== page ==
The Growth of Obesity and Technological Change: A Theoretical and Empirical Examination

43 Pages Posted: 17 May 2002 Last revised: 30 Sep 2002

See all articles by Darius N. Lakdawalla

Darius N. Lakdawalla

University of Southern California - Schaeffer Center for Health Policy and Economics; RAND Corporation; National Bureau of Economic Research (NBER)

Tomas Philipson

University of Chicago; National Bureau of Economic Research (NBER)

Date Written: May 2002

Abstract

This paper provides a theoretical and empirical examination of the long-run growth in weight over time. We argue that technological change has induced weight growth by making home- and market-production more sedentary and by lowering food prices through agricultural innovation. We analyze how such technological change leads to unexpected relationships among income, food prices, and weight. Using individual-level data from 1976 to 1994, we then find that such technology-based reductions in food prices and job-related exercise have had significant impacts on weight across time and populations. In particular, we find that about forty percent of the recent growth in weight seems to be due to agricultural innovation that has lowered food prices, while sixty percent may be due to demand factors such as declining physical activity from technological changes in home and market production.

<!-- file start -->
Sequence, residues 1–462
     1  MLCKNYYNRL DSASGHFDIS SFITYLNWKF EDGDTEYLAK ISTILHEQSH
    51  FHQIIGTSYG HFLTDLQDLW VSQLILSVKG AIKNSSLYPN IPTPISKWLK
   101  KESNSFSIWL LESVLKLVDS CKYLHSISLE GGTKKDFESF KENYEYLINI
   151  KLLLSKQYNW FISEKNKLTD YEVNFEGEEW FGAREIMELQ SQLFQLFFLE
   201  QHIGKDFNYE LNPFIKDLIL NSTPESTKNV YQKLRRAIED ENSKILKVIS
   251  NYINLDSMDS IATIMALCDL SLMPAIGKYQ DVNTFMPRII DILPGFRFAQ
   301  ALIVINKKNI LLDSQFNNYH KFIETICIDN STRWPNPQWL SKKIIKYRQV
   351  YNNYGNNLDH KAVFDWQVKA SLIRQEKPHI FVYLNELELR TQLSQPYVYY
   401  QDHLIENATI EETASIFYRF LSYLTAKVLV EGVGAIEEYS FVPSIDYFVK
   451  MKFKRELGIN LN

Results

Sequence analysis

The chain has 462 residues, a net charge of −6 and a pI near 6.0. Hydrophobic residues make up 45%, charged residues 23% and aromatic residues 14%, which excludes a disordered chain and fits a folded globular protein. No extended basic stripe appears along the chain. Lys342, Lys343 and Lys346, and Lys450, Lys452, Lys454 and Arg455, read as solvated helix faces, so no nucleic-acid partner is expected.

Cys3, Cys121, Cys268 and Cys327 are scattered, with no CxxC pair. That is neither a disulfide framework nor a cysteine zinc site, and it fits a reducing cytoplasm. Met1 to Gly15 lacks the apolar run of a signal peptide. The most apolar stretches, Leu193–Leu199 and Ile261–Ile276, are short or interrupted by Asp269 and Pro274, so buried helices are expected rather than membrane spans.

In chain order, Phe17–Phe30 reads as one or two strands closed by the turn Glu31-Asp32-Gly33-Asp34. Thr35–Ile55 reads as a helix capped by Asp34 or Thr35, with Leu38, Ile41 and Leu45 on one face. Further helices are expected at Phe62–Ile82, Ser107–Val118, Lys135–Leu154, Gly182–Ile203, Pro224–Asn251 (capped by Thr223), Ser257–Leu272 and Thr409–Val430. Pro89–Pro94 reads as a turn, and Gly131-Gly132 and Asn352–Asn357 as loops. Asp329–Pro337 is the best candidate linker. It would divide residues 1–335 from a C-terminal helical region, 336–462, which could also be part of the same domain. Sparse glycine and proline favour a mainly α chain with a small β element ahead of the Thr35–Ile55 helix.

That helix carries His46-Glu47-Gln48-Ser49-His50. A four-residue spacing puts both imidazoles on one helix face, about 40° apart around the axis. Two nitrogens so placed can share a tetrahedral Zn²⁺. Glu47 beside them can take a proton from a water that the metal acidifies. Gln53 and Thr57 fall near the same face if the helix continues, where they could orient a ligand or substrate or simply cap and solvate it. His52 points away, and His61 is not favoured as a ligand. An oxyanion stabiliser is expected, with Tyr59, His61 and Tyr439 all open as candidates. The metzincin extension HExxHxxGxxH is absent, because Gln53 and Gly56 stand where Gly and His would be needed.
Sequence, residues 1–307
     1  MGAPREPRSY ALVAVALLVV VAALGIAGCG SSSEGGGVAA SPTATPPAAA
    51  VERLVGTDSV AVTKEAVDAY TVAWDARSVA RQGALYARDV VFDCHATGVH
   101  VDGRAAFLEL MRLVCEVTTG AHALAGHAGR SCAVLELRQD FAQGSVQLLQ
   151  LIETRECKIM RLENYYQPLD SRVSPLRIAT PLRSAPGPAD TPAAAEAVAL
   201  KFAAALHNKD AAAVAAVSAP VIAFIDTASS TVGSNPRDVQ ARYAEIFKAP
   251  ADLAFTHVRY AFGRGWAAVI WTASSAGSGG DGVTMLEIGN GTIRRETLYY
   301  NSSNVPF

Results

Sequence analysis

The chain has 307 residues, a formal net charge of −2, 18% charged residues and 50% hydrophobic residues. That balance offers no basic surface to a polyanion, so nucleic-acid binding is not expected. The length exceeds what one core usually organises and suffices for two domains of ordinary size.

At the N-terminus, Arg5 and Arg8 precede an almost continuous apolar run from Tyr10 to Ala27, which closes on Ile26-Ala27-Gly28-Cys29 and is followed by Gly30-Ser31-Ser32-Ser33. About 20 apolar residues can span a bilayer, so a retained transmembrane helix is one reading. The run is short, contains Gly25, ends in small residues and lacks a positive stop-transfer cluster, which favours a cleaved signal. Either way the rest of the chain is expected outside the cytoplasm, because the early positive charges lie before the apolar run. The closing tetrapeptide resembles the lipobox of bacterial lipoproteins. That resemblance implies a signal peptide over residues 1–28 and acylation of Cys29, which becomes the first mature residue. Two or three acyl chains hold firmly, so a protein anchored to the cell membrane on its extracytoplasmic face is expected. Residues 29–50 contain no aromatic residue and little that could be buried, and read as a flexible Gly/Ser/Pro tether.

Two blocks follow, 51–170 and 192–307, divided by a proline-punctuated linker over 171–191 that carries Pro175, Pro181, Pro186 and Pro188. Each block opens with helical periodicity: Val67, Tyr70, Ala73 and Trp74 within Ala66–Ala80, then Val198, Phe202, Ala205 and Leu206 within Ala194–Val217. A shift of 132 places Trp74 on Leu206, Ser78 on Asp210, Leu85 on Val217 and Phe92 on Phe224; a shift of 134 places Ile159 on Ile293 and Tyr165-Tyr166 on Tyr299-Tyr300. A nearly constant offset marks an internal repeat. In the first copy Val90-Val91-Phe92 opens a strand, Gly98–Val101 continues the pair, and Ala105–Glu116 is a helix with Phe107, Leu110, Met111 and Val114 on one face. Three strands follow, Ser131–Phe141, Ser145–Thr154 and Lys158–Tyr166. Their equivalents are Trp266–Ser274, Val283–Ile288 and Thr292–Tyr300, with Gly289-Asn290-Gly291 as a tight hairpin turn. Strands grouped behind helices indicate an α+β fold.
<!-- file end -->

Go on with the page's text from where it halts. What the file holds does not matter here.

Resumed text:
Suggested Citation

Lakdawalla, Darius N. and Philipson, Tomas J., The Growth of Obesity and Technological Change: A Theoretical and Empirical Examination (May 2002). NBER Working Paper No. w8946. Available at SSRN: https://ssrn.com/abstract=312659

Darius N. Lakdawalla (Contact Author)

University of Southern California - Schaeffer Center for Health Policy and Economics ( email )

635 Downey Way
Los Angeles, CA 90089-3333
United States

RAND Corporation ( email )

P.O. Box 2138
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National Bureau of Economic Research (NBER)

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Tomas J. Philipson

University of Chicago ( email )

Graduate School of Business
1101 East 58th Street
Chicago, 60637

National Bureau of Economic Research (NBER)

1050 Massachusetts Avenue
Cambridge, MA 02138
United States

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